• "As the climate changes, that range is no longer the relevant one, and the mismatch between what we are adapted for and what we actually experience can generate huge negative impacts that seem to suddenly appear out of nowhere — even though we've been predicting them for literally decades," he said.
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Go deeper

Dangerous Pacific Northwest heat wave shifts inland

NASA computer model image showing the unusual heat in the Pacific Northwest and British Columbia. (NASA Earth Obseravtory)

After reaching an unprecedented peak, the ferocious heat wave in the Pacific Northwest is retreating inland on Tuesday, sparing some of the biggest cities, including Seattle, from another day of record-breaking heat.

Why it matters: The worst heat wave on record in the Pacific Northwest has had a wide range of impacts, from damaging public transit infrastructure — rails failed and roads buckled — to public health issues. This event is not over, given the continued record high temperatures in areas further away from the coast.

Northwest "heat dome" signals global warming's march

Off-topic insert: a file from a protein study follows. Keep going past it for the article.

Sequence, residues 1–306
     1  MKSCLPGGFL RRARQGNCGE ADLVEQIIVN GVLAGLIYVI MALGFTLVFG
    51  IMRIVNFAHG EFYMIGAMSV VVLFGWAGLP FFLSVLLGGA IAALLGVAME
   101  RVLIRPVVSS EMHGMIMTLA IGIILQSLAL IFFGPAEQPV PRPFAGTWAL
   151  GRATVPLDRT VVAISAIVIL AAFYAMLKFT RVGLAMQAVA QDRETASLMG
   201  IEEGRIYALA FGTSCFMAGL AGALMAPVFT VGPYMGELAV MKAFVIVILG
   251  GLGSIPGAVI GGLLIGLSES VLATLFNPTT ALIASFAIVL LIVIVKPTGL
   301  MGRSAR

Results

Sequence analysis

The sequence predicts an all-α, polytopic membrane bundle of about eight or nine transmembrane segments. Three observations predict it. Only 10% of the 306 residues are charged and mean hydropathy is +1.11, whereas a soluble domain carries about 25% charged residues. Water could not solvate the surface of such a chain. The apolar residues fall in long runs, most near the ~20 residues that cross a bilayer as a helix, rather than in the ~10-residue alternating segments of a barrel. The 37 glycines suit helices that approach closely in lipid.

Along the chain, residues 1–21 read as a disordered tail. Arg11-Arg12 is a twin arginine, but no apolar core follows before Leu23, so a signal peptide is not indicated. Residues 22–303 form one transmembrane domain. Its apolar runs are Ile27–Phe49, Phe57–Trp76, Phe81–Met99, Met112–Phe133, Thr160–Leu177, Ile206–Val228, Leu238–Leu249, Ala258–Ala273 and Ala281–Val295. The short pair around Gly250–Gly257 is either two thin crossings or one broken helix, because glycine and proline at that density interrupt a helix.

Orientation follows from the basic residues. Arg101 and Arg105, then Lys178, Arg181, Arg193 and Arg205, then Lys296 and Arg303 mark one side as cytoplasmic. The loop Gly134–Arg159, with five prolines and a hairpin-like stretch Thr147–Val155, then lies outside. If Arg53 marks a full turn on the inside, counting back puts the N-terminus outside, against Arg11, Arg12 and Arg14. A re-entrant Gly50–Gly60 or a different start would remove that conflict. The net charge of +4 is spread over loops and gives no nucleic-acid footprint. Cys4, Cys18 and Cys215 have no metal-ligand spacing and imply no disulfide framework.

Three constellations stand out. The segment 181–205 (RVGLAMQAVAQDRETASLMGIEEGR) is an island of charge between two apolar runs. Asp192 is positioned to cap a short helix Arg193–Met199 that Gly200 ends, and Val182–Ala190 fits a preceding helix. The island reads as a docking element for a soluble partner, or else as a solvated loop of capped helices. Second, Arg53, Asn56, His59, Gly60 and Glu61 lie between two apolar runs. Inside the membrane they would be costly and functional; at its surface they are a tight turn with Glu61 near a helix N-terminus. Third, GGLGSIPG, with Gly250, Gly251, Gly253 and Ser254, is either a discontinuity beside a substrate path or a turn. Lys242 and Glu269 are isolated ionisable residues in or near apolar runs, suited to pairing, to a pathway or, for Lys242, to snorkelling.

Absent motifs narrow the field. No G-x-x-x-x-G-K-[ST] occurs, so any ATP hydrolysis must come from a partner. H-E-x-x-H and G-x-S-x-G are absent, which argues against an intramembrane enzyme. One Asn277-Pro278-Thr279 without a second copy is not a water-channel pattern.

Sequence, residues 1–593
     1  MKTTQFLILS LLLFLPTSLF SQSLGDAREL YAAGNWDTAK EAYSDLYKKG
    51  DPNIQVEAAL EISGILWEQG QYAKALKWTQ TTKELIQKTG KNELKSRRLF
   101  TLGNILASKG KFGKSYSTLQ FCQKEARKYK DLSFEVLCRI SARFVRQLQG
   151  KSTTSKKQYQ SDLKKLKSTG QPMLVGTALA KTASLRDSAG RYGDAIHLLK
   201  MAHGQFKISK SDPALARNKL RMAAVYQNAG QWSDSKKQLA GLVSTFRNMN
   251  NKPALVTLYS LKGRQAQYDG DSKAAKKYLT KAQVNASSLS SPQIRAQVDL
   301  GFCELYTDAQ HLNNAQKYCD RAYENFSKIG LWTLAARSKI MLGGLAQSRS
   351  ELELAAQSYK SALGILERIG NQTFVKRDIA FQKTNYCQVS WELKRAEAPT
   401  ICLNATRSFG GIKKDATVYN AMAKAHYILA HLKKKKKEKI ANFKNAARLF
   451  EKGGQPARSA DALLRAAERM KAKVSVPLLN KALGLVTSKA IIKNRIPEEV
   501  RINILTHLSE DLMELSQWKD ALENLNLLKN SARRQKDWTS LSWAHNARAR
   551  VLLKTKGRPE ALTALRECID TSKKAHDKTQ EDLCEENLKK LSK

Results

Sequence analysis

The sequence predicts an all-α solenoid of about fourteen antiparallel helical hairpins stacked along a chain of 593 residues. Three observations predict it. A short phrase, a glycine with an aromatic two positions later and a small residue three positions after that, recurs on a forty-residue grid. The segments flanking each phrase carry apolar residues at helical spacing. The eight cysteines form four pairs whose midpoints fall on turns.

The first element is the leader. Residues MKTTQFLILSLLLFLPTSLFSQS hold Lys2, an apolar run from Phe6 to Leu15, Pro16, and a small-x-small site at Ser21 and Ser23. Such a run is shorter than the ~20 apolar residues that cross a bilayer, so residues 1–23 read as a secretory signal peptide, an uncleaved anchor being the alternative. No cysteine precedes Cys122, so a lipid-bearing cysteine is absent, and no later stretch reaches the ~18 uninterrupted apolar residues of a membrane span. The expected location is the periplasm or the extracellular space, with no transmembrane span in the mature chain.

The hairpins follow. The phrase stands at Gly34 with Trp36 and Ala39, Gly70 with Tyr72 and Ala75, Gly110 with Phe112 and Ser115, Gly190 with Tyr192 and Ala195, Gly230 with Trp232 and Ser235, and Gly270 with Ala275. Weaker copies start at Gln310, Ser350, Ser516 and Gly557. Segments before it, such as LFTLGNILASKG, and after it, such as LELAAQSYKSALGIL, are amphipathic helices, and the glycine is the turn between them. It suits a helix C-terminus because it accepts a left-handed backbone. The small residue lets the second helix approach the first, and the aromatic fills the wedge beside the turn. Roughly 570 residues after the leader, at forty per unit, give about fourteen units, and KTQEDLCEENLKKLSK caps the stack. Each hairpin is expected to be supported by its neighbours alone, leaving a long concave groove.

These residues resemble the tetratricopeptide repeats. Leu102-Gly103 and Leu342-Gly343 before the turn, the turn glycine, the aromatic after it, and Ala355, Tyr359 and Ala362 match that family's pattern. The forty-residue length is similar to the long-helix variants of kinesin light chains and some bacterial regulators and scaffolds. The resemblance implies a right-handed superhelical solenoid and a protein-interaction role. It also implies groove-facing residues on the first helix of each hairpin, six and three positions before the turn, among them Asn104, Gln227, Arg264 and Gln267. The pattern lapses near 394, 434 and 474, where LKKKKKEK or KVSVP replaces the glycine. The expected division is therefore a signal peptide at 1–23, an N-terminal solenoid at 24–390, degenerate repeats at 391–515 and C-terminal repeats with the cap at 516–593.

Residents gather in a public cooling shelter set up at the Oregon Convention Center during a heat wave in Portland on June 26, 2021. (Maranie Staab/Bloomberg via Getty Images)

The dangerous heat wave enveloping the Pacific Northwest is shattering weather records by such large margins that it is making even climate scientists uneasy.

Why it matters: Infrastructure, including heating and cooling, is built according to expectations of a "normal" climate. Human-caused climate change is quickly redefining that normal, while dramatically raising the likelihood of events that simply have no precedent.

Jun 28, 2021 - Podcasts

The Pacific Northwest's extraordinary heat wave

The Pacific Northwest is experiencing record-high temperatures due to a “heat dome” that should be a once every-few-thousand-year event — but which could occur more often and with more severity due to climate change.

Axios Re:Cap goes deeper with Axios climate reporter Andrew Freedman, to better understand this weather event's science, the dangers posed to human health and infrastructure and how the definition of "normal climate" is changing.